Spotify is making a major push to bolster its presence in the world of podcasting, buying two of the biggest players in the space: podcast network and producer Gimlet Media, and the podcast platform and service provider Anchor.
The acquisitions mark a major expansion of Spotify’s podcasting business, bolstering both its content chops and its service and monetization capabilities.
In its quarterly earnings report, released Wednesday morning, the company said: “We want to acquire more [podcast businesses], and have line-of-sight on total spend of $400-$500M on multiple acquisitions in 2019.”
Terms of the deals announced today were not disclosed, though the Gimlet deal is reported to be valued at around $230 million. The company expects them to close in the next couple of months.
Spotify is expected to retain all the employees of both companies and run them as subsidiaries. Gimlet Media will create new podcasts exclusive to the Spotify platform, though existing podcasts, such as “Reply All” and “Every Little Thing,” will continue to be available elsewhere.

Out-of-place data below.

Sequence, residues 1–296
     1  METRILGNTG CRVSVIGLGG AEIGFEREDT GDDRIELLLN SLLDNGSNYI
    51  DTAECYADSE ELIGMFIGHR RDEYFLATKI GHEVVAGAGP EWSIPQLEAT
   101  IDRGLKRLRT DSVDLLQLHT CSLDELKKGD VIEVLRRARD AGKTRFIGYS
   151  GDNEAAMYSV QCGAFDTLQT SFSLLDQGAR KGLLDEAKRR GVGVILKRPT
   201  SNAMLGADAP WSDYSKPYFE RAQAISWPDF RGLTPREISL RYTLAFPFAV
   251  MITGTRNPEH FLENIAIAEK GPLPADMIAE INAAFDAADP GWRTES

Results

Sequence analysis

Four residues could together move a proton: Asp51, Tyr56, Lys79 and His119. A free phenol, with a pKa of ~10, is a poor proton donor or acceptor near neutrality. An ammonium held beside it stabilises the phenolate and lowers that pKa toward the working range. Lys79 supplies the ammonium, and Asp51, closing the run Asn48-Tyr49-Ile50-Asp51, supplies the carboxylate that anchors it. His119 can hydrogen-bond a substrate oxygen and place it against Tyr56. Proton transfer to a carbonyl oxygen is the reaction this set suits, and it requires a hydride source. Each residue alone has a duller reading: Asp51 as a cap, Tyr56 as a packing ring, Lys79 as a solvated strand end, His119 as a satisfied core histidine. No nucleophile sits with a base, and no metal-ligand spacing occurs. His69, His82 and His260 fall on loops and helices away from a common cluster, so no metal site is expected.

Anchor has been at the forefront of trying to grow podcast monetization. The company launched an advertising solution called Anchor Sponsorships late last year. Its number of ad-supported podcasts more than doubled in the first month after releasing the product.
While Spotify’s bread and butter is music, it has leaned on podcasting to help differentiate it from competing subscription music platforms — and to help boost its free, ad-supported business lines. The IAB released a report last year projecting that annual podcast ad revenue would reach $659 million by 2020.
Spotify CEO Daniel Ek wrote in a blog post announcing the deals that the company will bring the core attributes it brought to the music business, namely curation and customization, to podcasts.
Ek wrote: “To be clear, this doesn’t make music any less important at Spotify. Our core business is performing very well. But as we expand deeper into audio, especially with original content, we will scale our entire business, creating leverage in the model through subscriptions and ads. ... We want Spotify to continue to be at the center of the global audio economy.”